I’ll start my review by saying there’s only one big thing I can say to you about this book, which is not to read it. But you’ll want a synopsis, so here goes.
Big Bosses: A Working Girl’s Memoir of Jazz Age America By Althea McDowell Altemus, edited and annotated by Robin F. Bachin, 192 pgs.
Recommended for readers of American and women’s history, as well as for those who loved the narrator’s voice in Charles Portis’s novel True Grit.
Chris Clavin is probably best known for his involvement with Plan-It-X Records and a variety of folk-punk bands from central Indiana. In 2010, he convinced a few of his friends (and a few strangers) to move to Cairo, Ill. to create a punk utopia in a blighted, forgotten river town.
Nothing is cheap or illogical, a pitfall for many genre anthologies, and the stories are consistently entertaining throughout. I highly recommend this book for those who land in the horror/punk intersection of the Venn diagram, and for those who like a little yuck for their buck.
Marcade’s narration reads like a punk rock version of Zelig, as he appears in anecdotes with all the era’s heavy hitters. His friendship with Johnny Thunders, in particular, is an ongoing thread throughout the book. More important than the all-star cast is Marcade’s story, as he bungles a series of relationships, struggles to establish the Senders, gets a foothold, then succumbs to heroin addiction before finally getting clean and committing it all to paper.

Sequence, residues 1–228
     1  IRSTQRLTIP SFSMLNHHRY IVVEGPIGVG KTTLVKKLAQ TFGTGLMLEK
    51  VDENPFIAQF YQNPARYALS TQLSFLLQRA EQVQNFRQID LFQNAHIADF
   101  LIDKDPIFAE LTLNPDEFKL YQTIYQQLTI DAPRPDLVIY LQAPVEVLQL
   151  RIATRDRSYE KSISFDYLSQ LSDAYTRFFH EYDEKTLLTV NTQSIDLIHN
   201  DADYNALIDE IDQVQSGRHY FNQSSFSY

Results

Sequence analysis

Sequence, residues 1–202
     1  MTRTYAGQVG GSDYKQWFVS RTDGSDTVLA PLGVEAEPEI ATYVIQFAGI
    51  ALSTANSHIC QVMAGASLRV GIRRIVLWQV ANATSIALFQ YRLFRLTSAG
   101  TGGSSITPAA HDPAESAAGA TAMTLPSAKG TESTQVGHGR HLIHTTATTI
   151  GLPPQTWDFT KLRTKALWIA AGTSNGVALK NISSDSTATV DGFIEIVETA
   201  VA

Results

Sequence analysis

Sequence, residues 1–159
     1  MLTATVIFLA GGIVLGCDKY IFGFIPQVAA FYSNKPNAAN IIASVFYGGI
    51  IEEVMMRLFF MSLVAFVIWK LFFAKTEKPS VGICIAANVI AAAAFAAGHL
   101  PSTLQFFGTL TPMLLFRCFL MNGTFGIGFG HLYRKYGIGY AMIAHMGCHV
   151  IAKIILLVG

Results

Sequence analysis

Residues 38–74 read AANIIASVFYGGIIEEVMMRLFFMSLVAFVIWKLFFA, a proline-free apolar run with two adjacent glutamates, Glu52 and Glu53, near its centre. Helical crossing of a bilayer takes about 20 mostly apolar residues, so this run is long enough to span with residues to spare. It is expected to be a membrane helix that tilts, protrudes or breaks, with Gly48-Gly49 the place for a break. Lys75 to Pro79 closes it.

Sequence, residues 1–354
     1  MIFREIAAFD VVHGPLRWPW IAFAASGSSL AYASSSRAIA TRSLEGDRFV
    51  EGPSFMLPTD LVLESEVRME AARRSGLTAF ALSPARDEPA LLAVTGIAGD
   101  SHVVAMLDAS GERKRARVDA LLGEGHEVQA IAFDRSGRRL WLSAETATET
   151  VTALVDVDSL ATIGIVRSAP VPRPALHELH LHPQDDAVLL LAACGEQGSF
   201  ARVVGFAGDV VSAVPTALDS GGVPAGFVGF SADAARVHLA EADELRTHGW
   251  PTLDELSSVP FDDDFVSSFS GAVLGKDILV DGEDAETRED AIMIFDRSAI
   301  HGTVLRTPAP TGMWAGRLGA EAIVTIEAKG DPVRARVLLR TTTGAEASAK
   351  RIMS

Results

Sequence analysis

The strongest aspect of Spoke is the photographs…. In reading Spoke, I read very little about the overarching theme of what the scene was about. There was no essay or narrative that brought everything together.
Dystopian lit and film are in vogue—stores and libraries are having a hard time keeping 1984 and Handmaid’s Tale on the shelves. But as Streetopia editor Erick Lyle notes, the flip side of the coin is the idea of utopia, which questions “when does the nonfunctional and intolerable status quo, endured for years, suddenly become an emergency that must be dealt with immediately at all costs?”
The theme is “This job sucks!” and it’s amazing the variety of tales that can come out of what might seem like a simple phrase.
The Bonnot Gang was a group of illegalists best known as the first robbers to use a car as the main part of a getaway.
The book covers the early days of Texas punk rock, where weird was king, hitting the road on an endless tour that encompassed the ‘80s, somehow beating all odds by getting first on a major label, then having a Top 40 hit, then their fade away in light of label hi-jinks and lawsuits.